The Bouncing Souls - Ghosts On The Boardwalk

January 4, 2010 by Brendan Manley

The Bouncing Souls - Ghosts On The Boardwalk


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Released:
January 12, 2010 - Chunksaah

AP Rating:

The Bouncing Souls are capping off a year-long 20th anniversary celebration with the release of Ghosts On The Boardwalk, a compilation of the 12 tracks the band released in 2009 on their own Chunksaah imprint (originally, the Souls issued one new song each month for download, as well as compiling them on 7-inches every few months). It’s their first full-length since parting ways with former label Epitaph and going back to their DIY roots, but if Ghosts is any indication, fans needn’t fear the change. Aside from death and taxes, the Bouncing Souls are one of life’s few certainties.

Teaming up again with producer Ted Hutt (the Gaslight Anthem, Street Dogs), who steered The Gold Record, the Souls crafted a dozen new toe-tappers that showcase their undeniable strength as songwriters, and just how tight a band can get after two decades together. There’s a fire and a soul (no pun intended) to much of Ghosts that you just can’t fake, and the performances and sound quality sparkle.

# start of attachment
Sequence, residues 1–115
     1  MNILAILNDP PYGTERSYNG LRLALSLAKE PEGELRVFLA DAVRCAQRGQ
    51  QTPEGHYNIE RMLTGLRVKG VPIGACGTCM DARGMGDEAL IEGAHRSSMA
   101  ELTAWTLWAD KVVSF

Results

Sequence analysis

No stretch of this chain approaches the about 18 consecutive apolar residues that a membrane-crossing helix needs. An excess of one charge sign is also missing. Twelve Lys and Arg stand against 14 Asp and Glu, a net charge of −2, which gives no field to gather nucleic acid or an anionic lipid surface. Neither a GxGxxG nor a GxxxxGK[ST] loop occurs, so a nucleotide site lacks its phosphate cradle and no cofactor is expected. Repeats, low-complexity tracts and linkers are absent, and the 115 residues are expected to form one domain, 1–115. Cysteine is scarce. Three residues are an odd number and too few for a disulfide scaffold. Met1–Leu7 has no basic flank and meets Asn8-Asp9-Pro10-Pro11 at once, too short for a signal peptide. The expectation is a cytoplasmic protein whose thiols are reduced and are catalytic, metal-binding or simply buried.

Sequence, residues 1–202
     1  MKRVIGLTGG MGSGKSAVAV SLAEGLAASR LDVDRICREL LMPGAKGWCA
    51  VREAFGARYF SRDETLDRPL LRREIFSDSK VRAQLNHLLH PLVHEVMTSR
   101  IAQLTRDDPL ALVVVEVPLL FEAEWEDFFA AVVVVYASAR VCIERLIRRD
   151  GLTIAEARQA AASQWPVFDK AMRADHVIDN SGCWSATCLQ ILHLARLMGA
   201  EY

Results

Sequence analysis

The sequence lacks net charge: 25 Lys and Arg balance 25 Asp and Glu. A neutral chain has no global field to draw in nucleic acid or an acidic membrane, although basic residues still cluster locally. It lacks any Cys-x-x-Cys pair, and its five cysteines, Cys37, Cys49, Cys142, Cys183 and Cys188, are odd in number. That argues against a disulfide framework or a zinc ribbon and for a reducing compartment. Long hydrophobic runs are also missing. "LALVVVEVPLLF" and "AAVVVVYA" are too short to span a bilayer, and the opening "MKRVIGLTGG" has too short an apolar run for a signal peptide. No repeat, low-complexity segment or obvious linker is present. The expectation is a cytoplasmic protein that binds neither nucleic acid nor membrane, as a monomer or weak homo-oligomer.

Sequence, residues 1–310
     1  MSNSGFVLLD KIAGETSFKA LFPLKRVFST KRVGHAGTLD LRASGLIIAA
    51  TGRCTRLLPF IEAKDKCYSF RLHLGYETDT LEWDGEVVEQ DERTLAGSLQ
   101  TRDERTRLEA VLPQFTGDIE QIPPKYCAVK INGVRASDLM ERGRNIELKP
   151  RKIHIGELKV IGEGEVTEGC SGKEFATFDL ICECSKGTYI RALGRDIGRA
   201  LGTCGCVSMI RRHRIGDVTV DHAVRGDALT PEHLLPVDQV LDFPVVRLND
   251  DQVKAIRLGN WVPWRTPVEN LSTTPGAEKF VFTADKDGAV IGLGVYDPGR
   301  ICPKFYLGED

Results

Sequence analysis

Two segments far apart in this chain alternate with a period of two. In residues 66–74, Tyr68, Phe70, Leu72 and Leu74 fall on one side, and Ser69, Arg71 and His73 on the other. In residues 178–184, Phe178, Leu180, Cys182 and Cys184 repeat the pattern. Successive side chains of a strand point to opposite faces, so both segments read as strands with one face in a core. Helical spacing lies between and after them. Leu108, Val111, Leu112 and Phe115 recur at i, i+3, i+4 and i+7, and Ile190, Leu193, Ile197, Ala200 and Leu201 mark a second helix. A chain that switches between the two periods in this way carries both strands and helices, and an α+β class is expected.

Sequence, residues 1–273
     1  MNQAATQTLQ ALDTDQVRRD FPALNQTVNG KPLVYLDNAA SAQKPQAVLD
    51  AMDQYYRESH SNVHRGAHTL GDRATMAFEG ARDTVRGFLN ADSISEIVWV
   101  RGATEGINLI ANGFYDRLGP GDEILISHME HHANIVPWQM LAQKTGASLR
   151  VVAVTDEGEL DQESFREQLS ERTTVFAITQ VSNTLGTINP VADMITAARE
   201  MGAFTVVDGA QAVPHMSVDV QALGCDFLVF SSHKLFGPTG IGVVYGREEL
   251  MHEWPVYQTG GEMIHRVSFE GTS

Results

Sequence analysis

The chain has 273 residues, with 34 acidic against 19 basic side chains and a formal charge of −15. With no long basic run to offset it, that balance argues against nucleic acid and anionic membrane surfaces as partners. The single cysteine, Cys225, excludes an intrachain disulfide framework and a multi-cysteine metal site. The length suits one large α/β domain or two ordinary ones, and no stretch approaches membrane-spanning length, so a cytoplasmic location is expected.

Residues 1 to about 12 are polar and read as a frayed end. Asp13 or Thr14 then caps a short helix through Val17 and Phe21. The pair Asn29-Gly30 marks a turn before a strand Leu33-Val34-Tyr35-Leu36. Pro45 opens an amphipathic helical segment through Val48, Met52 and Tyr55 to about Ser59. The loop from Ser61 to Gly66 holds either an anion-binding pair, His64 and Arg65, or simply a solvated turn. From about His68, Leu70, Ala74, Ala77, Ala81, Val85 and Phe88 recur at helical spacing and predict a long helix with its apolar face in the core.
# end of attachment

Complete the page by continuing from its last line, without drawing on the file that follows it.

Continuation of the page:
The Souls’ rhythm section is the driving force, and on Ghosts, bassist Bryan Kienlen’s crisp attack adds the perfect punch to complement drummer Michael McDermott, who shifts gears in and out of a multitude of tempos with power and ease. Guitarist Pete Steinkopf lays down a heap of classic riffs throughout, as per usual, but also steps outside the box at all the right moments, like with the clean, echoing guitars on the beautiful, understated “Big Eyes.” Singer Greg Attonito has grown into one of punk’s finest and perhaps most underrated voices, and Ghosts is yet another opportunity for him to bring his effortless and unmistakable life to the songs.

And as for those songs, Ghosts comes across as a mixed bag, which is good in some respects and a little off in others. The upside is the record covers a lot of the band’s stylistic ground, from speed-punk (“Never Say Die”) to amplified goofiness (“Badass”) to arena-worthy anthems (“We All Sing Along”), but the album doesn’t have the cohesion of past records. Perhaps the process itself is to blame--the tracks were written and recorded in various sessions over time--but it’s a relatively minor quip. It’s kind of nice to hear a poignant rocker like the title track go into the twang of “Airport Security.” The variety on the record gives Ghosts an identity all its own.

Bottom line, you don’t survive 20 years as a band without being masters at what you do, and the Bouncing Souls certainly fit that description. So yeah, Ghosts On The Boardwalk rocks. If you’re a longtime fan, fortunately this comes as no surprise.

GO DOWNLOAD: “Ghosts On The Boardwalk”

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